Kannada actress turned Congress politician Ramya says she will not apologise for saying that “Pakistan is not hell” even though a lawyer, K Vittal Gowda, in Kodagu has filed a sedition case against her.
Ramya, who was born Divya Spandana, told NDTV: “I will not apologise as I have done nothing wrong. I am entitled to my views and that is what democracy is about.”
On her return from Islamabad where she had gone as part of a delegation of young lawmakers, Ramya contradicted defence minister Manohar Parrikar who had said last week that “going to Pakistan is like going to hell”.
Ramya said: “Pakistan is not hell. People there are just like us. They treated us very well.”
She was trolled at once on social media for this comment, and Gowda filed a case of sedition against her. The case will be heard on August 27.
“I can say sorry, it is the easiest thing for me, but if I do it in this case, the purpose is lost,” Ramya told NDTV. “Right now I really need to stand up for myself…What I said is harmless…People trying to spread hatred are legal and people who are civil and trying to bring people together are unlawful – such an irony.”
Meanwhile, Ramya’s trolls, mainly from the BJP and the RSS student wing ABVP, are demanding that she move to Pakistan, to which Ramya told ANI: “Of course I won’t leave India. It’s my home and I am not going to leave my dogs.”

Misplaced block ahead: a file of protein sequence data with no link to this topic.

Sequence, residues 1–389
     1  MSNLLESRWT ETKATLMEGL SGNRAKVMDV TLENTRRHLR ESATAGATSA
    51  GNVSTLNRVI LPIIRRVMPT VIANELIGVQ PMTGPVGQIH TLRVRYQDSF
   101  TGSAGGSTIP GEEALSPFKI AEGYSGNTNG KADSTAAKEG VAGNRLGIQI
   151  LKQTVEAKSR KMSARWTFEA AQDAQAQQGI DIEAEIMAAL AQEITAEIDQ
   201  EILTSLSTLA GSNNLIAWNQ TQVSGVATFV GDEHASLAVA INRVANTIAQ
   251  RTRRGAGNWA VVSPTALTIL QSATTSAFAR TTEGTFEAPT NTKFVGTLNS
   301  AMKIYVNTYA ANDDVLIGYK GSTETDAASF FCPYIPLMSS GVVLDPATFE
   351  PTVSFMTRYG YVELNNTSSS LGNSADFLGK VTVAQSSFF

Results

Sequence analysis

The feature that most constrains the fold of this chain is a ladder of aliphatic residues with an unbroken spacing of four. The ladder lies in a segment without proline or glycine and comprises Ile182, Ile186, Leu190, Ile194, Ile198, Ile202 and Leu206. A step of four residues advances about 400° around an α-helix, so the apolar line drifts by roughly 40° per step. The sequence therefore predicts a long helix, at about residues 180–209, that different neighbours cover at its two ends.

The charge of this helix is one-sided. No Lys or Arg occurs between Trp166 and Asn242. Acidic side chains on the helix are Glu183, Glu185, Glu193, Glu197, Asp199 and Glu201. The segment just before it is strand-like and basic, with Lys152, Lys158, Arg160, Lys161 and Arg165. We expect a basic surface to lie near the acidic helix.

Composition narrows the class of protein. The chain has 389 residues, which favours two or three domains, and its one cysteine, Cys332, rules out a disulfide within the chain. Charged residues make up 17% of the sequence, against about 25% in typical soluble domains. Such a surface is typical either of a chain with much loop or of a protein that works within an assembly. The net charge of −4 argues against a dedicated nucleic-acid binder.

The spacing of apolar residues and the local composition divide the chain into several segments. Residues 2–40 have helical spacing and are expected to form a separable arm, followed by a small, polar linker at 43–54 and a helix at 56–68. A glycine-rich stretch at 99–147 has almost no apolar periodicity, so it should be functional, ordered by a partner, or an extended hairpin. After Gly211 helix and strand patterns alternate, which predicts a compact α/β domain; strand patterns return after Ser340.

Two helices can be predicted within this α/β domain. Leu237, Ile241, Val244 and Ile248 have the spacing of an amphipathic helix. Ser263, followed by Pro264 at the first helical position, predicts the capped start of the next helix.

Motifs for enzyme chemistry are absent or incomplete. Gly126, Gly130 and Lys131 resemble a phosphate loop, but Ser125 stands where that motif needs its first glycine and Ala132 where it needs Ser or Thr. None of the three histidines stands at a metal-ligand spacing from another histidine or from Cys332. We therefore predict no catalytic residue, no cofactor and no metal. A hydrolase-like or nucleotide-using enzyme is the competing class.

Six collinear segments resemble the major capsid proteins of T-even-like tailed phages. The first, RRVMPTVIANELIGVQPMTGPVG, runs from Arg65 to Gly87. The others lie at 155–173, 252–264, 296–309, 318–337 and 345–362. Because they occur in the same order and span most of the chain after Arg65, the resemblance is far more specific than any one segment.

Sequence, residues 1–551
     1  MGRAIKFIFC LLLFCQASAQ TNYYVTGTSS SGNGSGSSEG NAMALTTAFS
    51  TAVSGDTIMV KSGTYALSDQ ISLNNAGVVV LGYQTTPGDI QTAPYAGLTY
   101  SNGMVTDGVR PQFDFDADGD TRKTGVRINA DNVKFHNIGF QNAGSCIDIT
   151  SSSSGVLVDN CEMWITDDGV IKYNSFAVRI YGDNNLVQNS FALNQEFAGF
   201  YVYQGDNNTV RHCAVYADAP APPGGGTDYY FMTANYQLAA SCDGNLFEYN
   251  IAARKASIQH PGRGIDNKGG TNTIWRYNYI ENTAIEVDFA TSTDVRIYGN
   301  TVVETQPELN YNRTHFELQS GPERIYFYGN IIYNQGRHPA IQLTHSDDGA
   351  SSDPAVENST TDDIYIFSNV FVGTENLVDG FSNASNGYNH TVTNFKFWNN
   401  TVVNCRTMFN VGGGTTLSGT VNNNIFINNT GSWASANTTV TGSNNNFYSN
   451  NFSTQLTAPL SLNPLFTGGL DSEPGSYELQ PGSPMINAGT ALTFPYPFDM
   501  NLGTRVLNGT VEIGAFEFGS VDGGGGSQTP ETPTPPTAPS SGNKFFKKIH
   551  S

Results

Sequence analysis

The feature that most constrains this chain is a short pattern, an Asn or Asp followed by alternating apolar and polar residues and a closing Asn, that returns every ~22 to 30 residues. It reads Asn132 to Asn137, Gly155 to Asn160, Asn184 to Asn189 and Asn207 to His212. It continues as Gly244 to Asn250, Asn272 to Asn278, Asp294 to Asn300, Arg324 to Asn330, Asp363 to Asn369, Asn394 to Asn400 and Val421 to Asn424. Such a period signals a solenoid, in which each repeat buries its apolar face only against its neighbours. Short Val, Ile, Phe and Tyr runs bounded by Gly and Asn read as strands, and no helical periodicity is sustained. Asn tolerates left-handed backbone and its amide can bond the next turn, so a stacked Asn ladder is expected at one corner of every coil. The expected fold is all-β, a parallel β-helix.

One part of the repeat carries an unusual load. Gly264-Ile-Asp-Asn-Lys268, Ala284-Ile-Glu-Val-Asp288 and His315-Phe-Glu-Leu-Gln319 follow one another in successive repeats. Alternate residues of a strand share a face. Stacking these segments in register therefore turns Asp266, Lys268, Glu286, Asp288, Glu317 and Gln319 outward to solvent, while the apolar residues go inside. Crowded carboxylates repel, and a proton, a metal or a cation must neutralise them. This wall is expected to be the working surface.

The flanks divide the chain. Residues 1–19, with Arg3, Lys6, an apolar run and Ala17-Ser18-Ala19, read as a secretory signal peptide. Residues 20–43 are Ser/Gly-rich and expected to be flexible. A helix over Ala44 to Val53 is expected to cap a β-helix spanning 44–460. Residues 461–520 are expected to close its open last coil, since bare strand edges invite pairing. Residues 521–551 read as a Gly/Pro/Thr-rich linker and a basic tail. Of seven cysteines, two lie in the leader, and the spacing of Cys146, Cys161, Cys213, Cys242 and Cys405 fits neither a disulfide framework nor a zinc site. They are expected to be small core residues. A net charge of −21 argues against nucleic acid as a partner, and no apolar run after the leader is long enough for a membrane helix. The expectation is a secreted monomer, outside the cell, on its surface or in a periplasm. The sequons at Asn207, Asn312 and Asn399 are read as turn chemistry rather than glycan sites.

The people on Twitter are both for Ramya and against her.
These days, merely saying ordinary Pakistanis are just like us can get you a sedition case https://t.co/rtsALntQ61
— Shivam Vij (@DilliDurAst) August 23, 2016
Ramya has also been attacked for her statement by another Kannada actor turned politician, Jaggesh, according to Huffington Post India. At an ABVP-organised event, Jaggesh said anti-nationals are “mosquitoes and bedbugs” and should be poisoned.
Sedition and India: 5 things you should know
- It is section 124-A in the Indian Penal Code
- It says: “Whoever, by words, either spoken or written, or by signs, or by visible representation, or otherwise, brings or attempts to bring into hatred or contempt, or excites or attempts to excite disaffection towards the Government established by law in India’ shall be punished with life imprisonment”
- However, the law adds: comments expressing disapproval of the “administrative or other action of the Government without exciting or attempting to excite hatred, contempt or disaffection, do not constitute an offense under this section”
- It was introduced in the IPC in 1870 and was used by then the British rulers of India against many leaders of the Indian freedom movement, including Mahatma Gandhi
- This year, sedition charges have been filed against students of Jawaharlal Nehru University, Delhi, Hardik Patel, the leader of Gujarat’s Patidar stir, and human rights organisation Amnesty for holding a meeting in troubled Kashmir